KĀR BHEṬ, from Persian kār (lit. work, labour, occupation) and Hindi bheṇṭ (lit. meeting, offering), denotes voluntary offering made by a devotee to the Gurū. It has been a common practice especially in India, for one going to make obeisance to a saint, teacher, the deity, or king to carry with him some bheṇṭ or offering. The bheṇṭ, as distinguished from legal or customary taxes or tithes, could be in the form of cash, jewellery, a quantity of grain or some other farm produce. If one had nothing better to offer, one could take out a flower, a petal or a green leaf. The term kār bheṭ which gained currency in early Sikhism signified offerings made by Sikhs to the Gurū. A typical connotation was that kār bheṭ must come from earnings made by honest labour or work (kār). Gurū Nānak had extolled kirat, synonymous with kār or ghāl (hard physical labour or industry). Further, unlike bheṇṭ which once offered became the property of the personage to whom it was offered, kār bheṭ was meant to be spent on works of service, such as Gurū kā Laṅgar, the free community kitchen, the digging of wells and tanks and construction of dharamsālās or places of worship. Sikhs brought offerings to the Gurū directly or made these over to masands or leaders appointed by the Gurū in different parts. The masands carried the collections to the Gurū when they led saṅgats to his presence or otherwise visited him. The system remained in vogue until the time of Gurū Gobind Singh who, receiving complaints of malpractice, discontinued it and instructed the saṅgats or local fellowships or devotees to organize collection of kar bheṭ and its remittance to the Gurū through huṇḍīs, equivalent of modern bank drafts. Now offerings, mostly in cash, are laid in front of the Gurū Granth Sāhib, by the devotees as they go to the gurdwārās to pay homage and to perform religious devotions. The word in common use today is dasvandh or one-tenth of the income which every Sikh is expected to contribute in the name of the Gurū to the common funds of the community.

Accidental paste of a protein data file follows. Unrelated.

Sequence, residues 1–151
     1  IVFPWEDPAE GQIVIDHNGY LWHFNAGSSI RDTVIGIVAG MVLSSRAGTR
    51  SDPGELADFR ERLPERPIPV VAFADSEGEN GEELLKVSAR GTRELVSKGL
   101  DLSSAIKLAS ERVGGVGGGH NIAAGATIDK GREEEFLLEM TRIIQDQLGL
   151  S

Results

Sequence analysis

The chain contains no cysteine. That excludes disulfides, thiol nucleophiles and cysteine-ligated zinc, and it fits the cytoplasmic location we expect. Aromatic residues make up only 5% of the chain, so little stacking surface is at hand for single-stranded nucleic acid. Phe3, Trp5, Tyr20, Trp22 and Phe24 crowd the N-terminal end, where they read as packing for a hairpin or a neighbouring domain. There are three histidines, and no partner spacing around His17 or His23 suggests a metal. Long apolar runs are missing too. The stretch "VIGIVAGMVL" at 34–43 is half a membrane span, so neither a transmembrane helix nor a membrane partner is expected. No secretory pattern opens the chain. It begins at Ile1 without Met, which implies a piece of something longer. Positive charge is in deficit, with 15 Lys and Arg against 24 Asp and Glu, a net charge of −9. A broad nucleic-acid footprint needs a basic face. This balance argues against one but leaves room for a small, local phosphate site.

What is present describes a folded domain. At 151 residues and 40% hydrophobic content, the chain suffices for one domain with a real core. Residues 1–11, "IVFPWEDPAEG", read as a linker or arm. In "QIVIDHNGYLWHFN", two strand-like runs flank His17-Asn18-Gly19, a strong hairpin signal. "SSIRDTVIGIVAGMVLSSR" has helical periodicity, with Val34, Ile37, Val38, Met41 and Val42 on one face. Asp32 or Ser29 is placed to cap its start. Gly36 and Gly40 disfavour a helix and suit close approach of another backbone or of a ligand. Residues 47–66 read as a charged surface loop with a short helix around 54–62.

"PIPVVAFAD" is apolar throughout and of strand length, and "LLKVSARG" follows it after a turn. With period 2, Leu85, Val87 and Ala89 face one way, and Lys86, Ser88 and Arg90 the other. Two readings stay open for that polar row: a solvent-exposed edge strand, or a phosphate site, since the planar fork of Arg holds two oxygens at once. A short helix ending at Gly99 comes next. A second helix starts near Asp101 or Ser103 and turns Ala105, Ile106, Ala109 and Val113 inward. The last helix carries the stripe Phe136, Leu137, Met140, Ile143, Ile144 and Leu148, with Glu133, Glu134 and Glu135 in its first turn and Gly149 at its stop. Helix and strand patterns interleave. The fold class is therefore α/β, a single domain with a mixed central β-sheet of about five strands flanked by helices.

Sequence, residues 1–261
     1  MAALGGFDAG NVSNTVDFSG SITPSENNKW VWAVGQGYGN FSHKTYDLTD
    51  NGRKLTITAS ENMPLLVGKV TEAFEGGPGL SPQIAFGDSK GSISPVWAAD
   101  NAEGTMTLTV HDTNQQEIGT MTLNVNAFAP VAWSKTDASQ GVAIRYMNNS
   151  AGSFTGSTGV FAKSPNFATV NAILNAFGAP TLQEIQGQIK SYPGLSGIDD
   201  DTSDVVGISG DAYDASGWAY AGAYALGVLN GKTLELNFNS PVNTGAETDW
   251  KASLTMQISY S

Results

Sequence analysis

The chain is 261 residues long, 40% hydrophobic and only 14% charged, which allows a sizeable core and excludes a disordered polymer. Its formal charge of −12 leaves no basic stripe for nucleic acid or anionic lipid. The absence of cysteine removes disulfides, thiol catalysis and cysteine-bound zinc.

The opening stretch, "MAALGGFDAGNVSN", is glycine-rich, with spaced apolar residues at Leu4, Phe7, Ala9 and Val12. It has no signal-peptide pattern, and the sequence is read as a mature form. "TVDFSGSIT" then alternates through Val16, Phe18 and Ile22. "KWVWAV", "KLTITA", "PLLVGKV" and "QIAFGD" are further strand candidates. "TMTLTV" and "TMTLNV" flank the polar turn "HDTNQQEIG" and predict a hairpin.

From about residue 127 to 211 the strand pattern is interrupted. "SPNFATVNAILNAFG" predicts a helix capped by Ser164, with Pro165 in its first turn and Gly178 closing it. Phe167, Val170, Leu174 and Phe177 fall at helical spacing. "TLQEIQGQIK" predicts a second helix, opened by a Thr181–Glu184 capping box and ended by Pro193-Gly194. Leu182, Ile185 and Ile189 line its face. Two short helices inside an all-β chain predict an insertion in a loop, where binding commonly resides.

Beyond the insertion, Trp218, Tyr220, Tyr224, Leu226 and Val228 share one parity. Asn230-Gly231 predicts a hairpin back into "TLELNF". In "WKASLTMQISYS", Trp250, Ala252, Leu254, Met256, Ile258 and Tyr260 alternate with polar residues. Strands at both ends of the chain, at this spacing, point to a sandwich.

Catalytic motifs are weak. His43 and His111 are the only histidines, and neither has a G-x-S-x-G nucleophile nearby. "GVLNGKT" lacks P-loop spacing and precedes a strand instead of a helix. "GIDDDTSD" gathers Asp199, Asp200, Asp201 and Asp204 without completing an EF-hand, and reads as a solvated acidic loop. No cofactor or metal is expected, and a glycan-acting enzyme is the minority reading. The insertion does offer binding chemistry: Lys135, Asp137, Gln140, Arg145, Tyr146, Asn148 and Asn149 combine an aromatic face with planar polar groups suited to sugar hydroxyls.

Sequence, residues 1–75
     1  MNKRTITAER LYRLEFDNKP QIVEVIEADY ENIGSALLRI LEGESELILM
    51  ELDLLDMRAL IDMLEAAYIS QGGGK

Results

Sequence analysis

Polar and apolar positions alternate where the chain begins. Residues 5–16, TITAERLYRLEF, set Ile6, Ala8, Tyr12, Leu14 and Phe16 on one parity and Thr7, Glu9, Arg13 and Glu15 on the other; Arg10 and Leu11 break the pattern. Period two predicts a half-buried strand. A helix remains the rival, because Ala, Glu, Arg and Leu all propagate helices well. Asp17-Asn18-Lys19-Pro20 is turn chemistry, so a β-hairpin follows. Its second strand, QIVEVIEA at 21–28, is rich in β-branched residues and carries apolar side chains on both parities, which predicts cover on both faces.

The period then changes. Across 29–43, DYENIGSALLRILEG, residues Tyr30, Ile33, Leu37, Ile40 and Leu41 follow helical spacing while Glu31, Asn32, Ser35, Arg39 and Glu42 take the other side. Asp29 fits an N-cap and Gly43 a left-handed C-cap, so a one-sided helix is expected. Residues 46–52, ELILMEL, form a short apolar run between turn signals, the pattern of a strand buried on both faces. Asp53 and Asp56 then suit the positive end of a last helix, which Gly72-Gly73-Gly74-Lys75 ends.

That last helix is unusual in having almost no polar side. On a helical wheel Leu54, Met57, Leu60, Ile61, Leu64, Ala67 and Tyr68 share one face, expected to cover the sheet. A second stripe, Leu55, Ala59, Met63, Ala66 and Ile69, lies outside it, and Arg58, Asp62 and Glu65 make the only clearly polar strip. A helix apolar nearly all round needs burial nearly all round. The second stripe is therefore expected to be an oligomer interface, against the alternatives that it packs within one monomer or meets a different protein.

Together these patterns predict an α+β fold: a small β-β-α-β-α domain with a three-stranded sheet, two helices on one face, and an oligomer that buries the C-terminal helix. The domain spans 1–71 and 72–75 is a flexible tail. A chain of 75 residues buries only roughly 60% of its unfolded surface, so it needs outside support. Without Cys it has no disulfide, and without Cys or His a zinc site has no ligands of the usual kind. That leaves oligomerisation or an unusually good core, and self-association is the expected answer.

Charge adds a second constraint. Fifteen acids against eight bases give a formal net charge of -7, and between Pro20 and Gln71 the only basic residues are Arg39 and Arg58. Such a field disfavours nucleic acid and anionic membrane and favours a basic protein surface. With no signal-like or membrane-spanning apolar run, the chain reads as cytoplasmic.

It is relevant to compare kār bheṭ to kār sevā, another peculiarly Sikh practice of offering free voluntary labour for works such as the desilting of sarovars, or sacred tanks, and building or rebuilding of gurdwārās.